SHIRLEY — School Committee Chairman Robert Prescott says he does not want the board’s decision not to renew the superintendent’s contract to have a negative impact on working relations with Dr. Thomas Scott for the remainder of his tenure in Shirley.
A week after the vote was taken, Prescott said he and other board members had hoped to downplay their vote in light of Scott’s subsequent announcement that he would retire at the end of the school year, when his current six-year contract expires. Scott has held the job for the last 12 years.
Prescott said members believe their decision, made by unanimous vote, was in the town’s best interests.
“There are things we don’t agree on, but he has done some good things,” he said of the superintendent. “We want to maintain a good relationship from now until June,” he said. “That was a sticky point.”
Prescott said finances and politics contributed to the board’s decision. “Everybody feels, I think, that we need more funding (for the schools) but we won’t see that with Tom Scott at the helm.”
Fair or not, he said, that seems to be the gist of public opinion. “You see it with different groups … people speaking openly at public meetings …” he said.
In the end, the loss of the contract bid to educate Devens students may have been the final factor that led to the decision. Losing annual revenue the district has counted on for the last five years will hit hard in ways that are not fully realized yet, he said. “$450,000 is a lot of money. …Obviously that’s an issue,” Prescott said.
Prescott said he does not blame the superintendent for every ill, real and perceived, from MCAS scores to overburdened budgets, but he said the latter issue was, in his opinion, the deal breaker. On that issue, at least, he and Scott seem to be on the same page.
Scott, whose two prior contract terms were for three years each, said his administration had a fairly smooth run the first few years, when state funding was steadier than it has since become. He said things got rocky when finances became tight.
He also said that he will miss his work in the district he has served for the last 12 years.
Thomas Scott started his career as an educator in California, where he was a middle school math teacher for several years before earning a master’s degree in school psychology and eventually, a doctorate in educational administration and curriculum instruction from Boston College.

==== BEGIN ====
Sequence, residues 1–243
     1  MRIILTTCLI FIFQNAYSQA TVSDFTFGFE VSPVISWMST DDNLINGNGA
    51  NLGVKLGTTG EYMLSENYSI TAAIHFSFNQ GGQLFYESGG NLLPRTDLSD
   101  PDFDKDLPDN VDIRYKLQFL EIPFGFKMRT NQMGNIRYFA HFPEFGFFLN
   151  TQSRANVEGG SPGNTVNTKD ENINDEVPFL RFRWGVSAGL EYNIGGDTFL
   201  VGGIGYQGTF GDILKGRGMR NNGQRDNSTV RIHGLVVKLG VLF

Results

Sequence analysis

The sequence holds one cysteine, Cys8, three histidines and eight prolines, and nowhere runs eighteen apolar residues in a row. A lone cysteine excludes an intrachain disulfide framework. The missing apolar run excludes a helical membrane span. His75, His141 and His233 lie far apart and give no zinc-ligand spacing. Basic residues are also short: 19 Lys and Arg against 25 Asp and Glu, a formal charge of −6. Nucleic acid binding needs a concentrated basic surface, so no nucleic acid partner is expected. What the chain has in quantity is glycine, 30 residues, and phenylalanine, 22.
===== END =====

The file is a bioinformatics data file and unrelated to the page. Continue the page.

After 35 years in the education field and 12 years as superintendent, Scott said he has “mixed feelings” about retiring now from a job he said he has dedicated his life to, 24-hours-a-day.
“I’ve grown to appreciate Shirley and I love the students and staff …” he said. And he said he has enjoyed a good working relationship with School Committees, past and present.
Asked about recent controversies that may have led to the School Committee’s vote not to renew his contract, Scott, like Prescott, pinpointed finances as a major cause. Citing state reductions in funding, increases in special education costs and failed overrides, the school funding situation has become “contentious” and created a “difficult situation” for everyone, he said.
Scrambling to find funds in tough times has been hard on the community, but Shirley is not the only town facing this scenario, Scott said. But he acknowledged that “angst” over the middle school might have made the situation worse.
As for the failed overrides, Scott said the reaction was understandable, given the uncertain economic environment and competing costs for taxpayer dollars, including sewer hookups.
Asked about the Devens contract, Scott said losing the bid was a disappointment. “We wanted to extend the contract,” he said.
MassDevelopment has said that Shirley provided “extraordinary services,” he said, but Devens residents apparently had other ideas for the future, including alliances with other school districts that might have a more favorable impact on property values, for one thing.
“We feel good about those students and are sad to see them go,” he said. Along with $400,000 to $450,000 in revenue. That, he said, would be a difficult gap to close.
Choice is one avenue other districts have taken to raise revenues. Asked about that route, Scott said the district was holding its own, with as many choice-in as choice-out students.
Having no high school in town may be a Catch-22 on that score. For example, some students who choice- out to Ayer moved to Shirley from the other town and “never stepped foot in the Shirley schools,” Scott said. The choice seems logical, given that those students will most likely attend high school in Ayer.
In addition, increased class sizes and downsized programs, including music and the loss of foreign languages, have resulted in parents seeking other options, such as the Parker charter school at Devens. Scott said those choices have been costly to the school system. “We used to teach Spanish in kindergarten through grade eight,” he said.